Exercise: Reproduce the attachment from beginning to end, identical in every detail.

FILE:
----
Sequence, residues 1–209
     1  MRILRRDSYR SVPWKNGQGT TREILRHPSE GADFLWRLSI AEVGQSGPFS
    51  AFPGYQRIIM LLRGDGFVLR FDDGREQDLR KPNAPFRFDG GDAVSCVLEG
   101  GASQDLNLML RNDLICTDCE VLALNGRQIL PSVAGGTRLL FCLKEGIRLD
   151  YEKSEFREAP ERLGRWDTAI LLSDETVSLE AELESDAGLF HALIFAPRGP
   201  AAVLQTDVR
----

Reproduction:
Sequence, residues 1–209
     1  MRILRRDSYR SVPWKNGQGT TREILRHPSE GADFLWRLSI AEVGQSGPFS
    51  AFPGYQRIIM LLRGDGFVLR FDDGREQDLR KPNAPFRFDG GDAVSCVLEG
   101  GASQDLNLML RNDLICTDCE VLALNGRQIL PSVAGGTRLL FCLKEGIRLD
   151  YEKSEFREAP ERLGRWDTAI LLSDETVSLE AELESDAGLF HALIFAPRGP
   201  AAVLQTDVR